Pennsylvania Historic Preservation

Blog of the Pennsylvania State Historic Preservation Office

This image shows a yellow metal truss bridge with a blue and gold PA historical marker in front. The recently refurbished Bald Eagle's Nest marker is back in place in Centre County.

Marker Maintenance isn’t a Mystery!


Do you know what happens when a PHMC marker is damaged by a delivery truck, plowed over after a snowstorm or original 1946 blue and gold paint resembles the make-up of a faded movie star? Do you think PHMC throws out the markers and orders a new one?

No way! We work in the State Historic Preservation Office so we hire a qualified contractor to hit the roads and highways of Pennsylvania to retrieve the damaged markers, repair them in a shop, and return them to the original location with a “facelift.”

For a number of years, PHMC has contracted with a vendor to provide historical marker maintenance services. The contract is bid every five years, and the Marker Program recently gained a new maintenance contractor, Craig Wise of Clearfield, PA.

Field Trips

Scott Doyle and I recently traveled to Somerset, PA to meet Craig at a location where there is both a modern PHMC marker and a bronze plaque attached to a large boulder, erected by PHMC’s predecessor, the PA Historical Commission.

This image shows a man standing in front of a large boulder working on a large plaque.

Marker contractor Craig Wise works at the bronze Jeremiah Black marker.

The plaque is surrounded by a small landscaped plot of land that has become rather overgrown in nearly 75 years. Coincidentally, Wise owned and operated a landscaping business for 20 years, so we met at that location to discuss clearing and trimming the existing shrubs and foliage and planting new low-maintenance vegetation. We discussed the possibility of Wise leading a community effort to revitalize the area, as there has been local interest in the site.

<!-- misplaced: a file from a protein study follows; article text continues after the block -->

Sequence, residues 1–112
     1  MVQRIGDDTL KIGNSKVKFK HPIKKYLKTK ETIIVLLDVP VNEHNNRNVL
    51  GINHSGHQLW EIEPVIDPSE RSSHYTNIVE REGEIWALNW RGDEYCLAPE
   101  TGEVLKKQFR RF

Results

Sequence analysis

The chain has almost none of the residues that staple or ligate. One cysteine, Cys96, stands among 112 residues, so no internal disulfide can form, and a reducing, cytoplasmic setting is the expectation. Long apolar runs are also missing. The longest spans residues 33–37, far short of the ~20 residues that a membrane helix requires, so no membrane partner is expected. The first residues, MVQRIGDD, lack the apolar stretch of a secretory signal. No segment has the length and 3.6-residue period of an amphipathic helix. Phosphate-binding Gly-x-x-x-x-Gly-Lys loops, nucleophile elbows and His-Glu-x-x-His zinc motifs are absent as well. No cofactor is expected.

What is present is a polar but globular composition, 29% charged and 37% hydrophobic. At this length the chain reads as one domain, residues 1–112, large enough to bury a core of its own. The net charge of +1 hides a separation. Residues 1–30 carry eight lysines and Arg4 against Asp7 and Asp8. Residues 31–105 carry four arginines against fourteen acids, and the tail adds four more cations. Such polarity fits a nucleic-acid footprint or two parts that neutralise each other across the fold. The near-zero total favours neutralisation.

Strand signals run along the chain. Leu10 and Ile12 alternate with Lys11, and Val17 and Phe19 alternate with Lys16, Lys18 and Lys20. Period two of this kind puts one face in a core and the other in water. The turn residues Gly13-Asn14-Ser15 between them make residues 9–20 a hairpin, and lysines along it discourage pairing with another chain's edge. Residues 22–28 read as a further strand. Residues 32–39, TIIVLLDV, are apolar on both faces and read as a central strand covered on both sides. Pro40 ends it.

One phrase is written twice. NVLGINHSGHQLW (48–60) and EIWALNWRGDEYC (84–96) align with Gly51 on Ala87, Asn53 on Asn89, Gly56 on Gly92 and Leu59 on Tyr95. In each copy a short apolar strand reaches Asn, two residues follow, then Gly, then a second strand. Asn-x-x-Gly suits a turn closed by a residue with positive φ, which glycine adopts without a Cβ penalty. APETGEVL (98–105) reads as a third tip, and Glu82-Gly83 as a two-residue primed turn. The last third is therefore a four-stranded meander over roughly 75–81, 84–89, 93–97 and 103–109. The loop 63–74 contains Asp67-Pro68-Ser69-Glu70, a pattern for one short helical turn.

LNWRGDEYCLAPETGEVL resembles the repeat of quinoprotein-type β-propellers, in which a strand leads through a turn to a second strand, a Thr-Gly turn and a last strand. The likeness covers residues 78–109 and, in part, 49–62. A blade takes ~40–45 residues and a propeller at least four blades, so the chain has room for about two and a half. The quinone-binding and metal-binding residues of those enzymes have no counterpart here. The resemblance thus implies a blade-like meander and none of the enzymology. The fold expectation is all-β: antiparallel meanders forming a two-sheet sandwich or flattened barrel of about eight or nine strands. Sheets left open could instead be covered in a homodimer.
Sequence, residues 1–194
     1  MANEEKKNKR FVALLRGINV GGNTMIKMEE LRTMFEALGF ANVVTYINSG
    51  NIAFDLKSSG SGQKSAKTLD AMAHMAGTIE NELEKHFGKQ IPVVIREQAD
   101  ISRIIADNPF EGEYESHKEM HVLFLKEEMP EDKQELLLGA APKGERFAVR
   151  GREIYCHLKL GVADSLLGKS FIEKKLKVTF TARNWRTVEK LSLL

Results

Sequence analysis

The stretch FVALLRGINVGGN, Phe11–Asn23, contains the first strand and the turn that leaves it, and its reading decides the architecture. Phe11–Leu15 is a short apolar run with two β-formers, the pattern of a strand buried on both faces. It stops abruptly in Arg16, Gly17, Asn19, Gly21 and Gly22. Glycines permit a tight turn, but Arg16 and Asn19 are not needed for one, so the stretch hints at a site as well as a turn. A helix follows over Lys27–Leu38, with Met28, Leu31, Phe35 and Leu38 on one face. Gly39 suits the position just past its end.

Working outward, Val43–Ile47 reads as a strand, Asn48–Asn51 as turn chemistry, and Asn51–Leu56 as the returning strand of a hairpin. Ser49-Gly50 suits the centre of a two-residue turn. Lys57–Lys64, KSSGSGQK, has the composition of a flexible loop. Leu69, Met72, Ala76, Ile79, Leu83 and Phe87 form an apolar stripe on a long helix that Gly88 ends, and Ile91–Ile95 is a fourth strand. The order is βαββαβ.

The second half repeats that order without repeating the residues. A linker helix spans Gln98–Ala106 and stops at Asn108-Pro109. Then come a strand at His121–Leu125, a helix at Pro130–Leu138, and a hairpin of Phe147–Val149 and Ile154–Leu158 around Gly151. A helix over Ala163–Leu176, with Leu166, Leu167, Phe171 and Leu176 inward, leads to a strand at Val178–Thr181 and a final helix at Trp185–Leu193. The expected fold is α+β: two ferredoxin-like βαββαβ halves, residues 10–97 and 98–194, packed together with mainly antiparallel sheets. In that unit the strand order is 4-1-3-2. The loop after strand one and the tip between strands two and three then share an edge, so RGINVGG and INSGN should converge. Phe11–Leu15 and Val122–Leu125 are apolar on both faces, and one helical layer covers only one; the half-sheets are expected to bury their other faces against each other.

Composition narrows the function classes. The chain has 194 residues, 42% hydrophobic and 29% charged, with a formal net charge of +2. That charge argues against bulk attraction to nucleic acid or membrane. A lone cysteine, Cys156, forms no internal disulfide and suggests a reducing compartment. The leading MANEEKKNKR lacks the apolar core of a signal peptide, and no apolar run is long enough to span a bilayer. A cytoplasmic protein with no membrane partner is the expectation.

While there, Wise showed us his truck and some of the equipment he has modified to accommodate removal and transport of the deceptively large and heavy markers. Some of his custom designs are rather ingenious.

This image shows a man standing in front of a white van with a red dolly and white pole.

Marker maintenance contractor Craig Wise with this marker installation equipment.

We have had really great experiences with our maintenance contractors over the last decade. Although none had prior experience with markers or this specific type of work, they all were flexible and took the initiative to come up with better and more efficient ways to get the job done.

Following our meeting in Somerset, we proceeded to Clearfield, PA where Wise’s former nursery is located and where his marker maintenance operations are currently set up. Here we found that Wise had fabricated custom holders for the markers for both the detail painting and drying process.

This image shows a woman hand painting a blue and gold marker.

Here I am trying my hand at painting the gold lettering of the Benner marker.